A US Man Who Lost 16 BTC In 2018 In A Malware Attack Is Going To Sue The Parents Of Hackers

Back in 2018, a man from the United States, Andrew Schober, had to experience a malware attack that resulted in a total loss of about 16.4 BTC equaling $800,000 at today’s BTC/USD rate.

After hiring forensic specialists for around $10,000, Schober did all he could to corner the culprits but eventually, it was realized that the hackers live far away from England. Eventually, it was discovered that the perpetrators are minors, at least at the time of the hack launch.

The two hackers were a student of computer science in different universities in the United Kingdom.

The Defendants Plead Guilty to the Theft, But Not as Straightforward as Expected

Having been involved with minors, Schober reached out to their parents to establish a compromise by reasoning. He started by writing the parents to tender an explanation in the hope of a resolution. In his letter, Schober gave the details of the events per his investigation attached with evidence or assurance. He also explained the implication of the theft on his life emotionally and financially.

The words used in the letter include; “[Having] to lose that kind of money made me devastating emotionally and financially. For the kids, it might just be a harmless joke or prank, but the consequence on my life is immeasurable.”

Trying to be as reasonable as he could, instead of pursuing legal action, Schober offered a return of the stolen BTC, including the amount he spent to hire forensic specialists to investigate the case.

His letter, however, did not get any response as it is, forcing Schober to result to the next line of action – suing the parents.

In May 2021, the man went on to file a lawsuit against Oliver Read, Benedict Thompson, and their parents at the Colorado District Court.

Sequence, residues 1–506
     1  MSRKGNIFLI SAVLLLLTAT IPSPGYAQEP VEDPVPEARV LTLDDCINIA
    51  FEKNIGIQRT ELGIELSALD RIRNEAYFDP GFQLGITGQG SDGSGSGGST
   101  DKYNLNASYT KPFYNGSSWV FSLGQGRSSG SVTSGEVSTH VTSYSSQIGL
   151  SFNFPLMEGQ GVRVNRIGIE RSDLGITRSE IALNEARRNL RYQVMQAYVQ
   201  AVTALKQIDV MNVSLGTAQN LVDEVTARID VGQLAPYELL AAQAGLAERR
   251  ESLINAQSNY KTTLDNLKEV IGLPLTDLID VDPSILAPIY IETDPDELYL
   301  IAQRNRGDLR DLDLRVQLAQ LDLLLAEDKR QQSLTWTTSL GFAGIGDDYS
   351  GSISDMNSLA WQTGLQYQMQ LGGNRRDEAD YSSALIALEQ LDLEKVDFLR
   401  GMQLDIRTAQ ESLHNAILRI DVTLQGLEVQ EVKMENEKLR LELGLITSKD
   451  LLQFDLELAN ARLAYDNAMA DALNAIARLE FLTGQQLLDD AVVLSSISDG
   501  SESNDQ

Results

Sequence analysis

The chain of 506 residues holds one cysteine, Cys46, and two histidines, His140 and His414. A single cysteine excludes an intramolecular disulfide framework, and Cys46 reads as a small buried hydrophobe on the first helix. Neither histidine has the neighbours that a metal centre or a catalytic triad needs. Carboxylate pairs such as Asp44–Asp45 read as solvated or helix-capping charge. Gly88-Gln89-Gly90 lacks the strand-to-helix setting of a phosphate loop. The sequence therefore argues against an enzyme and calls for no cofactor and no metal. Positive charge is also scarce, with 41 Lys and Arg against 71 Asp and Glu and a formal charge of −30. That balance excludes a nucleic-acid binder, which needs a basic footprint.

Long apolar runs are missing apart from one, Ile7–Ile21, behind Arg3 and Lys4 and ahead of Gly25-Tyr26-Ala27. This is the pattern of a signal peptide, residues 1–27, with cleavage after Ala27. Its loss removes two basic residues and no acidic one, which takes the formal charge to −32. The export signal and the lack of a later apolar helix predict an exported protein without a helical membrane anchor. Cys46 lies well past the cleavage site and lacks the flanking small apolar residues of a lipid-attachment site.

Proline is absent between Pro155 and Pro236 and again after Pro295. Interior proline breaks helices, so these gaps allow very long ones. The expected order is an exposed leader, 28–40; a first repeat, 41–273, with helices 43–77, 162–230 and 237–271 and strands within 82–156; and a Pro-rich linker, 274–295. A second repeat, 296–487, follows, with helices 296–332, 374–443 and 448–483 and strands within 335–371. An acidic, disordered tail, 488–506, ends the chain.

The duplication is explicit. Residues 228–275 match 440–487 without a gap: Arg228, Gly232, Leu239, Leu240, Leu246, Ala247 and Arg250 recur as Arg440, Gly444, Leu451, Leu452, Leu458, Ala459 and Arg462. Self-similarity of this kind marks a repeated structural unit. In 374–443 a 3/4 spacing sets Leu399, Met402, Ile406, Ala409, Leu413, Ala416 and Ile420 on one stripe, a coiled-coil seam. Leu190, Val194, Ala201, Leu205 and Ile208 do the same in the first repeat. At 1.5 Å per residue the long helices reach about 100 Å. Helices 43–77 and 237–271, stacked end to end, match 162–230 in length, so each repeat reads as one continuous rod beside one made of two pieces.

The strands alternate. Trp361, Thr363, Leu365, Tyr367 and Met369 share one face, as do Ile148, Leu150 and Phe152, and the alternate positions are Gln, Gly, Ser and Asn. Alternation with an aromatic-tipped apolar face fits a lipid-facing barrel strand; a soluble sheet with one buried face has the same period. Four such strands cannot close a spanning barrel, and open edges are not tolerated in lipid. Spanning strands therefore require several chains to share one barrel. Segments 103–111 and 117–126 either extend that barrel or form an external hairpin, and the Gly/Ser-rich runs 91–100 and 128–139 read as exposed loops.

The twist in the situation came from the response the lawsuit got from the defendants on August 6, 2021, claiming that the case is statute-barred because it was reported late to the court. Adding to the motion filed by the defendants, they claimed they had voluntarily attended an interview with the U.S. police on the case.

Details of the Event

From Schober’s investigation, it was revealed that he got attacked by malware when he clicked a link n Reddit to install a wallet called Electrum Atom. The malware works by hijacking the computer’s clipboard, replacing whatever BTC address copied with the one controlled by the hackers.

A report from Total 360 Security, a cyber security firm, revealed that in a week of testing, they found similar clipboard hijacking trojans on over 300,000 computers, and in the meantime, their recommendation is to double-check every crypto address copied before sending.

For Schober, the case has gotten complicated, having met a statute-barred limitation and the inter-border involvement with the U.K. judiciary system. This means he will have to go the extra mile to get justice.

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